Why Google May Be the New, Better Way to Predict Election Results

Every year, hundreds of millions are spent in predicting election outcomes the world over. There's a plethora of psephologists and experts who have spent decades trying to master this art. But, of late, many of their predictions have proved wrong.

The recent US Elections, when almost nobody predicted a Trump victory, is a prime example. Back home in India, just one pollster was close enough to predicting the thumping Modi win in 2014. The predictions for Brexit were also no different.

What if there was a relatively simple way to predict these outcomes and is more accurate? When I discovered it, I felt like I had been searching for a treasure trove which was lying in my own backyard. So, without much ado, here’s presenting the new age election predictor – Google Trends.

An empirical analysis shows that the search term which was leading in the run-up to the elections typically ended up winning. The way Google Trends work is that it shows up the relative search frequency of a particular search term for a selected region over a period of time.

Google Trends Backed Trump

Let’s begin with the big one – the US presidential elections of 2016. Going by Google Trends, Trump clearly led Clinton throughout the year in the United States before the elections.

Google Trends data ahead of US elections 2016. (Photo: Google Trends Screenshot)

The thumping majority for Narendra Modi in the 2014 elections is clearly reflected in the huge interest he enjoyed in comparison to Manmohan Singh, the then Prime Minister.

Google Trends data in the run-up to the 2014 Lok Sabha polls. (Photo: Google Trends Screenshot)

For those of you who think that Manmohan Singh was a relatively quiet Prime Minister, here is some data from the run-up to 2009, when he led over his competitor LK Advani and ended up winning the elections.

Google Trends data in the period before the 2009 Lok Sabha elections. (Photo: Google Trends Screenshot)

Looking at State Elections

Let’s shift focus to state elections held recently. In the Delhi polls, BJP was tipped to win by psephologists. But AAP emerged winner, and Google Trends data had already predicted this.

Google Trends data ahead of the Delhi elections. (Photo: Google Trends Screenshot)

The next big election was in Bihar. Google Trends data shows a neck-and-neck fight between Nitish Kumar and Narendra Modi. But when one adds the interest in Lalu Yadav, who was an alliance partner of Nitish Kumar, it clearly takes him over the top.

Google Trends data in the period before the Bihar polls. (Photo: Google Trends Screenshot)

What Google Predicts for UP

Now, it is worth theorising on why this is happening. Marketing guru Philip Kotler wrote that prior to capturing market share, companies need to capture mind share. Google Trends data in a way shows who has captured mind share and to what extent – and has been proven right many times.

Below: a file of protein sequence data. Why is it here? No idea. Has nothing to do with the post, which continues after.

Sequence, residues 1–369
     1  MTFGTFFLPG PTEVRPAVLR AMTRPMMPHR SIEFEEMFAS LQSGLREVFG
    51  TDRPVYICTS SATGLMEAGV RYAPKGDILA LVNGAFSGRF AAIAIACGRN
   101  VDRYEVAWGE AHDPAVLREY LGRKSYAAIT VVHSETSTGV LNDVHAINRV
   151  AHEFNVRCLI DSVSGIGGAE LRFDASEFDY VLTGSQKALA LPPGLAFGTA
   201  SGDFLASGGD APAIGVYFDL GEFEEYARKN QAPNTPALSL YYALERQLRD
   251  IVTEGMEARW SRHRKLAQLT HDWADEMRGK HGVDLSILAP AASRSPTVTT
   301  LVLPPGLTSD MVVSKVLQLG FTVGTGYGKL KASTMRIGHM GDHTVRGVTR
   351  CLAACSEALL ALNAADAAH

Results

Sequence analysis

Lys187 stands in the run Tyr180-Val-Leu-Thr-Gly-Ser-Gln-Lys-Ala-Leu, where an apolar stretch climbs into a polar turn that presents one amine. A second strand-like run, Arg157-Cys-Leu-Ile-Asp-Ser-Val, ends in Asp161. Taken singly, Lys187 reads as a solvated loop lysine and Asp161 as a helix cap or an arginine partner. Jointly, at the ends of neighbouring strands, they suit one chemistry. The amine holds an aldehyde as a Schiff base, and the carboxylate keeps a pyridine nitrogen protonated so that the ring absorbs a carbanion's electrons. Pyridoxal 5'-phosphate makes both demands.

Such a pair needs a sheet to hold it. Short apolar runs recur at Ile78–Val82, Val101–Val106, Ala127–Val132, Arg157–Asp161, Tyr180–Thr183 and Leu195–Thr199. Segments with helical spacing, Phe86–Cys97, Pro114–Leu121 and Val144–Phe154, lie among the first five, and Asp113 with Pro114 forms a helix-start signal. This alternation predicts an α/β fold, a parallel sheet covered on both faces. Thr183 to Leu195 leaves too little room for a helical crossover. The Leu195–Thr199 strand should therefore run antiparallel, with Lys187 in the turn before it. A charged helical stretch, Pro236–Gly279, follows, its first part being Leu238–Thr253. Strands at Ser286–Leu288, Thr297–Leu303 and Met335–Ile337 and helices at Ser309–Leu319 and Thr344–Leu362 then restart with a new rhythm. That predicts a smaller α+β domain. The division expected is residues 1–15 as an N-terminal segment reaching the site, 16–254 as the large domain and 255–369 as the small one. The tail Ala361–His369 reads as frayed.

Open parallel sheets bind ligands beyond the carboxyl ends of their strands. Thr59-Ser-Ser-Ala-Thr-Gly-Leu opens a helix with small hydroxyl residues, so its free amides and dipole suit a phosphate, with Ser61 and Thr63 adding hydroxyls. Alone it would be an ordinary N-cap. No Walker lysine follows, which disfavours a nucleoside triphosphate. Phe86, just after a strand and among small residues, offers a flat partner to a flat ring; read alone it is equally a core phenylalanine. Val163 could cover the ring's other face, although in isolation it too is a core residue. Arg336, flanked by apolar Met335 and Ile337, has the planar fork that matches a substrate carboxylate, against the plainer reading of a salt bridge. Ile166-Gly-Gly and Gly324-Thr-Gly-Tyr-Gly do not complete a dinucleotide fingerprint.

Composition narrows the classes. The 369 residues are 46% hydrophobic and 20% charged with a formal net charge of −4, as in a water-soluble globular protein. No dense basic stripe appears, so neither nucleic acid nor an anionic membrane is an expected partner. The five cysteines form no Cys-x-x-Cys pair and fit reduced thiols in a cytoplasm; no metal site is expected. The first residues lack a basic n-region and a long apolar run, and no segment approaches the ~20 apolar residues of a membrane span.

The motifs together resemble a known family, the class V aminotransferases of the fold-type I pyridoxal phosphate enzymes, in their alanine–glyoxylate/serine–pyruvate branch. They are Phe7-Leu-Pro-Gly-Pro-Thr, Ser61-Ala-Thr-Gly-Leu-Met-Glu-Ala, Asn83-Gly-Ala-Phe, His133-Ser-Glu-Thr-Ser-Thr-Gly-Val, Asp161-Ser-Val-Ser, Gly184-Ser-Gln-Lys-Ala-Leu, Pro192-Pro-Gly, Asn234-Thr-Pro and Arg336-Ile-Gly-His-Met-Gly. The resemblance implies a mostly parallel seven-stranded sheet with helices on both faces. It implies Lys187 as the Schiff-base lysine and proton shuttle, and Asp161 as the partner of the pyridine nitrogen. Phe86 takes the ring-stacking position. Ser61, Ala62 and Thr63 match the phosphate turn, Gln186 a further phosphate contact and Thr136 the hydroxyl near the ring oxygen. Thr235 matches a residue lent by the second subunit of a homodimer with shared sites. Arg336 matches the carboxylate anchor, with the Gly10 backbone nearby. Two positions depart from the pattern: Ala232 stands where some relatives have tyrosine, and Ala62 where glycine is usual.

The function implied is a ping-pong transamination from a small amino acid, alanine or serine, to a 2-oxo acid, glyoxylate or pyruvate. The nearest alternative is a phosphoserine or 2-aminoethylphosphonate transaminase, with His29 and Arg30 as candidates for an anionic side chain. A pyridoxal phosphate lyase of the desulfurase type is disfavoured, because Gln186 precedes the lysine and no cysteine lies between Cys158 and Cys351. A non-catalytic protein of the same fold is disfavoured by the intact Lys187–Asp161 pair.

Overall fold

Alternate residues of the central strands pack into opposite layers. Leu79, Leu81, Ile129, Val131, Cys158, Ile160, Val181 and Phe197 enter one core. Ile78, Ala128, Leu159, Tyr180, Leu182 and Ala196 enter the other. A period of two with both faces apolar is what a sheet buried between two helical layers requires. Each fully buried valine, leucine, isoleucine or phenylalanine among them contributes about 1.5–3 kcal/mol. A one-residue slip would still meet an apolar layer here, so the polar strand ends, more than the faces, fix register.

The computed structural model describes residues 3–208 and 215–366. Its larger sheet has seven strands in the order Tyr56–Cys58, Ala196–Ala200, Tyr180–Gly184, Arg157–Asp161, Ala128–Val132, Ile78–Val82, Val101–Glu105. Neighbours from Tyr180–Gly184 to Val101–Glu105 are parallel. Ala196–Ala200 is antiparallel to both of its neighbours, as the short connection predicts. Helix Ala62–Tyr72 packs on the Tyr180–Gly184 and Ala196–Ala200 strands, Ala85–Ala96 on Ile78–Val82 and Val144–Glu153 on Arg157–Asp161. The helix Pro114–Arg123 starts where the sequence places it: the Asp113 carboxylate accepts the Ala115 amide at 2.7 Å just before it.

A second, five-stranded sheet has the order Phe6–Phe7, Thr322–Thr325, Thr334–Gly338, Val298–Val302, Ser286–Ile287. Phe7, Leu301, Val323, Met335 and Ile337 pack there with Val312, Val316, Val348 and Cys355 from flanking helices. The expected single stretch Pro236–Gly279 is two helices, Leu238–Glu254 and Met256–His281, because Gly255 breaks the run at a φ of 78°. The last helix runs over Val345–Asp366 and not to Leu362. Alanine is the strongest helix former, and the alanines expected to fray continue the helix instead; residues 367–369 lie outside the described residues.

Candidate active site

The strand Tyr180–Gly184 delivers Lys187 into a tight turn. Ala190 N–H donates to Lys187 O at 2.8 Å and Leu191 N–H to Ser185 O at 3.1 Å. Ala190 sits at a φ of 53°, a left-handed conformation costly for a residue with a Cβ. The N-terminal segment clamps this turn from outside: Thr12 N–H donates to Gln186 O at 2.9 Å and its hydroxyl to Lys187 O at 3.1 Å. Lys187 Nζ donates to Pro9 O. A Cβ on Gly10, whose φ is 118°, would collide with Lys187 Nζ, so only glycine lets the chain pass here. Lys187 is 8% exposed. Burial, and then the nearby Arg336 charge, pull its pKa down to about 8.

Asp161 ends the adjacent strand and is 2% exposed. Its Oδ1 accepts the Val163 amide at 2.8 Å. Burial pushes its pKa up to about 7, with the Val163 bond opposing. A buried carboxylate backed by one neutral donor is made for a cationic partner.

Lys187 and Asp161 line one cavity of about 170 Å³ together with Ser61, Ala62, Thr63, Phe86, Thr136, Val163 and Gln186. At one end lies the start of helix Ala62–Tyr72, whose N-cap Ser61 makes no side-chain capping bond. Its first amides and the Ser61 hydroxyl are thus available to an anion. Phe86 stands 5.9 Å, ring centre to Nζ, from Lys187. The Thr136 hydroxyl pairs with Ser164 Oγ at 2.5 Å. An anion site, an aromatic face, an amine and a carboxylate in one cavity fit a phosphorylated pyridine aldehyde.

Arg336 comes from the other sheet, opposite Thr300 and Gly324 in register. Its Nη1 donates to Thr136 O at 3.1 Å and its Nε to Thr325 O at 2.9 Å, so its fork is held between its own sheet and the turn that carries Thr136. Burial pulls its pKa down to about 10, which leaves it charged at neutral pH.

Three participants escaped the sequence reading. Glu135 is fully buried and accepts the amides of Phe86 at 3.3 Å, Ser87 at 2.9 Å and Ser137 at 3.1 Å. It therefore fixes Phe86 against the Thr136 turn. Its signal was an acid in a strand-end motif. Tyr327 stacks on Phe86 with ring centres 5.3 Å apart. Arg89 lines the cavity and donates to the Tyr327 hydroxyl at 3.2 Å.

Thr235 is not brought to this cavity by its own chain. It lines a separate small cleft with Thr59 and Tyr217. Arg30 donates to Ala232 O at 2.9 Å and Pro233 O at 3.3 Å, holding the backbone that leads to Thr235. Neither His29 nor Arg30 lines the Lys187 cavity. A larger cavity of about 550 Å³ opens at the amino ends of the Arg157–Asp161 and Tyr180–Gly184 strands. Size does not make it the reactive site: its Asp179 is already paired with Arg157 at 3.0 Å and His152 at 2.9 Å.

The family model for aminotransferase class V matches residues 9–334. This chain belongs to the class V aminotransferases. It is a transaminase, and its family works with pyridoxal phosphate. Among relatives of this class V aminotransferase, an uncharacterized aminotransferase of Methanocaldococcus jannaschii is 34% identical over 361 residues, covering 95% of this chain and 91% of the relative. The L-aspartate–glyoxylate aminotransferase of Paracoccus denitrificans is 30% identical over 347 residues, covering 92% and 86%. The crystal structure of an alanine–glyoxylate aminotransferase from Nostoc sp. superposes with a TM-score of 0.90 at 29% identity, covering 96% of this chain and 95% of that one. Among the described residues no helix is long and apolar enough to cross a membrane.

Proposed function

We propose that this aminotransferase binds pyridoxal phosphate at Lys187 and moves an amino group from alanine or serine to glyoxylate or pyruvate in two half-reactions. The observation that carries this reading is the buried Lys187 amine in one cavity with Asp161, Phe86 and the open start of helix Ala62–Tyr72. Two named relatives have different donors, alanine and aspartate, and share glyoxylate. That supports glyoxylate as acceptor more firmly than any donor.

Now for some Google Trends-based predictions for the elections in UP, Punjab, Goa and Uttarakhand.

Looking at the data for the UP elections, BJP clearly seems to be leading. Even after adding the interest for SP and Congress, they have largely lagged behind BJP and only recently have taken a 1-2 point lead. BSP is nowhere close.

This means that BJP will emerge as the single-largest party, but it is clearly a close contest. It could end up being a hung House in UP.

Google Trends data seems to predict a hung Assembly in UP. (Photo: Google Trends Screenshot)

As for Punjab, an interesting story has been unfolding. The interest in AAP has waned recently and the Congress just might surge ahead. Based on the data, it is likely that the Congress will win, with AAP taking second position.

Google Trends data in the period before the Punjab elections. (Photo: Google Trends Screenshot)

The data for Goa, meanwhile, points to a BJP victory, with the Congress bagging the second spot.

Google Trends predicts a BJP triumph in Goa. (Photo: Google Trends Screenshot)

In Uttarakhand, BJP has a clear lead over its rival and is likely to win.

Google Trends data ahead of the Uttarakhand elections. (Photo: Google Trends Screenshot)

Though I am no pollster, I hope this provides some insight and creates a basis for further analysis, all the way down to city-level data.

I also hope that this places an interesting tool in the hands of those with an interest in predicting election results. For those of you who want to play around with this tool, here is the link: https://trends.google.co.in/trends/

(Rahul Gupta is an IIT Kanpur, IIM Bangalore and Cornell University alumnus and has worked at Goldman Sachs, Hong Kong. He was part of the 2014 Modi Campaign and led the Chai pe Charchacampaign. He currently runs a startup in Gurgaon, www.inoneapp.in, and is an advisor to www.getzyme.com. He can be reached @rahulngupta. This is an opinion piece and the views expressed above are the author’s own. The Quint neither endorses nor is responsible for the same.)